Read about prostate cancer-


Prostate cancer is the most common type of cancer in men after skin cancer. It affects the prostate gland and is also the second leading cancer-related cause of death in men.

Clinical Presentation

Clinical signs are as follows-

  • Urinary retention
  • Presence of other urinary complaints                           
  • Low back pain
  • perineal pain
  • Hematuria
  • Blood in semen
  • Sexual dysfunction

Screening test –

Prostate-specific Antigen (PSA) Test:

  • A blood test used to test for elevated levels of PSA.
  • If prostate cancer develops the PSA levels will thus typically increase past 4 ng/mL of blood.

             -PSA level between 4 and 10: 25% chance

             -PSA greater than 10: over 50% chance

  • No PSA level-  signifies absence of prostate cancer



  • a biopsy of the prostate gland for individuals who have elevated PSA levels.


Stage I: it has not yet spread to other areas.

II: Cancer discovered during a biopsy, not yet spread.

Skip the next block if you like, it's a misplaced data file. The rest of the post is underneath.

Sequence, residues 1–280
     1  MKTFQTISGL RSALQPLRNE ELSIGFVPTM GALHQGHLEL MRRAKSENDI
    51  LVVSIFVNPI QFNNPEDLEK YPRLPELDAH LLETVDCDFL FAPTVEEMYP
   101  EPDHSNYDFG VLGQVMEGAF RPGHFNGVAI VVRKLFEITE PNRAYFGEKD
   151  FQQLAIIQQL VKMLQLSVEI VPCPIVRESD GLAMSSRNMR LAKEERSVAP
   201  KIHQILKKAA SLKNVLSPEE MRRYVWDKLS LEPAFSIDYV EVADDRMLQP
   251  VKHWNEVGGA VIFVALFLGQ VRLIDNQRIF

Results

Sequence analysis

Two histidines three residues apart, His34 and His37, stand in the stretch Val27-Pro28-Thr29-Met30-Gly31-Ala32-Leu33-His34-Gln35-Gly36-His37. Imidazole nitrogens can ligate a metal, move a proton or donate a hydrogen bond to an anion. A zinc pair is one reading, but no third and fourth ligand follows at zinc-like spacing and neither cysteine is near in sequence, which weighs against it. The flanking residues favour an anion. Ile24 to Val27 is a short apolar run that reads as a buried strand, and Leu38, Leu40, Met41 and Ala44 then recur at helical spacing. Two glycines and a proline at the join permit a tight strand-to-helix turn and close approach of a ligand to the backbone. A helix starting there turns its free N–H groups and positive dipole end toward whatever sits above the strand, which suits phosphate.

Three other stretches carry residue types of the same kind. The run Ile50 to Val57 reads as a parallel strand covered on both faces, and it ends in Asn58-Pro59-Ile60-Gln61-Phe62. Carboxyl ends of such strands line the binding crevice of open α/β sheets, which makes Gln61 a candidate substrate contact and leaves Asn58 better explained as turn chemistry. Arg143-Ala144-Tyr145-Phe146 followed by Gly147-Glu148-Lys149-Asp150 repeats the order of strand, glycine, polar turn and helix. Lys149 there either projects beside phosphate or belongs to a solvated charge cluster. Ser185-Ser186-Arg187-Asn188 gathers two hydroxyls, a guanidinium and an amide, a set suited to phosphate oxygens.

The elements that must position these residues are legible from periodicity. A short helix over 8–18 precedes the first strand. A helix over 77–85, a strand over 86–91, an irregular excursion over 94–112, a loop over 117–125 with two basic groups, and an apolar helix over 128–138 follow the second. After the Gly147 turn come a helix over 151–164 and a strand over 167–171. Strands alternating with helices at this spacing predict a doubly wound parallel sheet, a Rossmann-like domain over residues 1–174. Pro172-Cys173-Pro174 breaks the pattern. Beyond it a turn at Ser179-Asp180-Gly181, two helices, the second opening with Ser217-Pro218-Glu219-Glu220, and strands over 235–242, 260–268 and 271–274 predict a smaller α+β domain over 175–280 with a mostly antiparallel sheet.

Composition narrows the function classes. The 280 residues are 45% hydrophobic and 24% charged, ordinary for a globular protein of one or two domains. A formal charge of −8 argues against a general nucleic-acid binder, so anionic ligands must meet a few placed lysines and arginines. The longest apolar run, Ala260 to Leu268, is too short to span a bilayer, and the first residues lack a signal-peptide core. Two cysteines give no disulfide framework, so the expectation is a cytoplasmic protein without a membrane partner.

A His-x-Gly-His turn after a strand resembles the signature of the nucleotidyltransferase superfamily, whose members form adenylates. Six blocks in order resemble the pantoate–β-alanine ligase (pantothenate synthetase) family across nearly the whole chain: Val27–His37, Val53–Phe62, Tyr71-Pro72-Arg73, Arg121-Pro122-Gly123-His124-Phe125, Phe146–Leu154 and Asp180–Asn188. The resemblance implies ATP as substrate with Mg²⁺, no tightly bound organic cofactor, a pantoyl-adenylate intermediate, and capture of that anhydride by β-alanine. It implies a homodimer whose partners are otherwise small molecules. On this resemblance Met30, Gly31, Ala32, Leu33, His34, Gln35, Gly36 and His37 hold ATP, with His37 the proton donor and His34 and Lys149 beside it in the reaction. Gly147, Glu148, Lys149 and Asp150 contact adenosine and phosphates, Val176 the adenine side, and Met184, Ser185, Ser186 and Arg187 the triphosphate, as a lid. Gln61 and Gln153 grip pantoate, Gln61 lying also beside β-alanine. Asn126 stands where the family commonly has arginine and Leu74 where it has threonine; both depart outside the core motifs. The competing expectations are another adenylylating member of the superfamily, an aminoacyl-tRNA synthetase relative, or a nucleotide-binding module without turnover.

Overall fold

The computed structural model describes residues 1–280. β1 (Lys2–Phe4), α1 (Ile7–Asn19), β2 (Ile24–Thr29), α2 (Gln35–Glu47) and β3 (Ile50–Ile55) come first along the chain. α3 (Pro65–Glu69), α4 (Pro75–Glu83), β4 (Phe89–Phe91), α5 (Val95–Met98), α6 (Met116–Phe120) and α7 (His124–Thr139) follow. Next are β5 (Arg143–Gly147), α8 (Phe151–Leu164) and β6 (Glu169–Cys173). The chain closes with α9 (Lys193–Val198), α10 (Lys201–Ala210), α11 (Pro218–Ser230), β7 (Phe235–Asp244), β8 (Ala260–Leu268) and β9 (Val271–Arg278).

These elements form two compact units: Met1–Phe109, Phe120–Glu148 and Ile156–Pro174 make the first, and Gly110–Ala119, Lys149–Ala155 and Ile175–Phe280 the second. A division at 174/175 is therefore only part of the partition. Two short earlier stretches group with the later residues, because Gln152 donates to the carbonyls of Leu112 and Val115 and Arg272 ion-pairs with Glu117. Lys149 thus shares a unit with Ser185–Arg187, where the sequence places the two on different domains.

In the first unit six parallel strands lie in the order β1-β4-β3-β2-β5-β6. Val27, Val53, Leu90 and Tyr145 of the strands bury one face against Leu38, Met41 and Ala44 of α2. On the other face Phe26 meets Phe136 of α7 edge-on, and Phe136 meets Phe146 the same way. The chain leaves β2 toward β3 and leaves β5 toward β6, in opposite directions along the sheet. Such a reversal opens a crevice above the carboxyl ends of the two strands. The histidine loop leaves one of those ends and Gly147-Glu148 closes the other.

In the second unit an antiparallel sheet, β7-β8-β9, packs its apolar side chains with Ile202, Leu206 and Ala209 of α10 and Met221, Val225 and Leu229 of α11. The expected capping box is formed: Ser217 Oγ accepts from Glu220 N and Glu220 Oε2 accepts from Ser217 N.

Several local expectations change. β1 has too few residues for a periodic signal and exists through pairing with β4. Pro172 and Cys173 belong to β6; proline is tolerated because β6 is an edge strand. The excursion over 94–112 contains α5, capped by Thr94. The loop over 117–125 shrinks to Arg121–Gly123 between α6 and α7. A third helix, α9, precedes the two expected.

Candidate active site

Stage III: Cancer has spread to nearby tissue 

IV: spread to lymph nodes or to other parts of the body 

Non Modifiable Risk Factors

  • Advancing Age- 65 years or older
  • Family History- positive family history
  • Genetic variations
  • Viruses and hormones

Modifiable Risk Factors

  • Diet- A diet of meat, and high-fat dairy products- increased risk in developing prostate cancer.
  • Occupational exposure- Such as chemicals and other metals
  • Multiple sex partners
  • Low levels of vitamins

Management options-

Definitive Treatments include:

  • Prostatectomy: removal of the prostate gland.
  • Radiation therapy: Use of high-energy radiation to try to kill the cancer causing cells.
  • Hormone therapy: Aims to block the cancer cells from growing
  • Cryotherapy: Placement of a probe near the cancer cells to kill them by freezing them.
  • Chemotherapy: Use of drugs to kill or reduce the size of the cancer cells. It can be given orally/ IV

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